Phak Khana is a Thai vegetable that is also known as Chinese Broccoli. It is usually used as an ingredient to Thai noodle dishes and soup, or as a side dish in main course of meat dishes in Thai cuisines and also used with Thai vegetarian dishes.

In Thailand, Phak Khana is usually eaten as stir-fried vegetable and is usually accompanied with oyster sauce


Chinese Cabbage (Phak Kat Khao)

Another common Thai Vegetable used in local dishes is the Phak Kat Khao or also known as Chinese Cabbage. It is usually eaten in Thai soups and as stir fried dish though it can also be eaten raw.

Chinese cabbage are thinly sliced when added to noodle soups or eaten raw with Nam Phrik, a delicious sauce that is made with chili and shrimp. It is popularly used in Thai cuisine as a dipping sauce.


Chinese Celery (Phak Chi Lom)

In Thailand, Chinese celery is called Phak Chi Lom. It is eaten and added to Thai soup dishes, Thai curries and eaten as Stir-fried and used to garnish to Thai food. The celery in Thailand is smaller, more thinner and more leafy as compared to other celery.


Cucumber (Taengkwa)

In Thailand, cucumber are added to Thai salad also known as Thai Cucumber Salad. It is usually eaten raw with Nam Phrik, a paste or sauce made using chili or shrimp or as an ingredient to Som Tam Dish (Green papaya Salad)


Drumstick (Marum)

Marum is a Thai vegetable that is commonly used as an ingredient to Thai curries, soups, stir fried, salads and omelet dish. It appears to have be long and slender.


Long Green Eggplant (Mukua Yao)

Long Green Eggplants in Thailand are also called Mukua Yao. Another vegetable in Thailand that is commonly used in stir fried dishes. Other than that, it is usually used as an ingredient to Thai soup dishes as well.

If long green eggplant is not available, you can use other eggplant variety as an alternative.


Mallow Leaves (Bai Po)

Mallow Leaves or also called Bai Po or Jute is a famous Thai leafy vegetable. Mallow leaves are usually used to add to rice congee or Khao Tom Kui. The taste is similar to that of a spinach.


Marsilea Crenata (Phak Waen)

In Thailand, Marsilea Crenata is also called Phak Waen. It appears to look like a four clover leaf. It is usually found floating in deep waters or sometimes on land.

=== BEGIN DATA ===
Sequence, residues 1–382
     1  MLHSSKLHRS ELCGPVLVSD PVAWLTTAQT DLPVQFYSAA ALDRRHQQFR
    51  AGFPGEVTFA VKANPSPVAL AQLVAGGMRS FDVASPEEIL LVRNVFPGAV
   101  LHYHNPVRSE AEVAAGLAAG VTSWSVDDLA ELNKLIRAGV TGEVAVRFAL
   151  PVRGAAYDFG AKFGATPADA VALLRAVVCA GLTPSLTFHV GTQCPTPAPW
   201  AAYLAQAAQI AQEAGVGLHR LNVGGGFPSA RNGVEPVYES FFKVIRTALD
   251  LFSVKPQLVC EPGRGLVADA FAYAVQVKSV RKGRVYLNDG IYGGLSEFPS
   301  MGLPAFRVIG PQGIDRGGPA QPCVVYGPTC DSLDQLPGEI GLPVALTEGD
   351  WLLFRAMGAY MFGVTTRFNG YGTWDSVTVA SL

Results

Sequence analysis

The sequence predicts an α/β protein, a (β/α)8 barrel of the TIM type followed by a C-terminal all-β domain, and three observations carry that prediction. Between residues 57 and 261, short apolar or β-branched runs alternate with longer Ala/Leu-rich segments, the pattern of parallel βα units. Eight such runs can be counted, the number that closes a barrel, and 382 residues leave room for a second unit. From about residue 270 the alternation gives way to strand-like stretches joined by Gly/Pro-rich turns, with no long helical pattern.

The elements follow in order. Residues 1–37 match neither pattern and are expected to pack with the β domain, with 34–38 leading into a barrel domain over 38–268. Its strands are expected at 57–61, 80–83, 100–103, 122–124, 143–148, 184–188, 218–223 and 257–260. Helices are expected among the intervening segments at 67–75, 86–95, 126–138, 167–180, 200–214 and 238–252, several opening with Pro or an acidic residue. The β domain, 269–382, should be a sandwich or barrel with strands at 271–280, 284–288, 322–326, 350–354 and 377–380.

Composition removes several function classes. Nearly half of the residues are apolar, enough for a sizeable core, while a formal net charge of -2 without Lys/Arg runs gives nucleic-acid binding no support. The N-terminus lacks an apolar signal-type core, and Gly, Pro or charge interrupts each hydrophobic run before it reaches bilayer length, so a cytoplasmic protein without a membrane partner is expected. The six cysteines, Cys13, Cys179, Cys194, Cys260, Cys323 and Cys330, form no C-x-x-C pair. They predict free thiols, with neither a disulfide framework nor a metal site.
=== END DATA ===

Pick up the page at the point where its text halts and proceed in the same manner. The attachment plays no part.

Marsilea Crenata are commonly used in Isan Cuisine and is usually eaten raw together with chili paste or chili sauce called Nam Phrik.


Thai Vegetable Stir Fry Recipe

Since most of the vegetables mentioned are used in Stir fried dishes in Thailand. You can use Tamari as an alternative to soy sauce for the dish to be gluten free.

Ingredients:

  • Cabbage
  • Carrots
  • Broccoli
  • Mushrooms
  • Garlic

Ingredients for stir fry sauce (vegan)

  • Dark Soy sauce
  • Light Soy Sauce
  • Sugar
  • Worcestershire Sauce (vegan)
  • Water

Directions:

  1. In a wok, pour a small amount of vegetable oil then add garlic once oil is hot enough.

  2. Add mushrooms and stir fry over high heat. Wait until water is released.

  3. Add carrots and broccoli. Stir fry for another 2-3 minutes


  4. Add in soy sauces, Worcestershire sauce and sugar. Then next, add water.

  5. Continue to stir fry to mix all the ingredients. Allow sauce to boil.

  6. Add Cabbage, continue to stir.

  7. Garnished with coriander leaves or fresh red chilies, then serve.

FAQs

What are the vegetables used in Thai Stir Fry dish?

With Thai stir fry, you can use different types of vegetables such as the common vegetables mentioned above or baby corn, sugar snap peas or cauliflowers.

Can stir fried be frozen?

Yes, you can froze stir fry. But if from the start you are already planning to place stir fry in the fridge or freezer, you may not need to add chestnut mushrooms as it tends to be leathery when it is frozen or placed in the fridge.

Can I stir fry vegetables without using oil?

If are using non-stick wok, oil is not needed when making stir fried vegetables. Though if the garlic starts to burn, you can simply add small amount of water to prevent the garlic from overcooking and burning.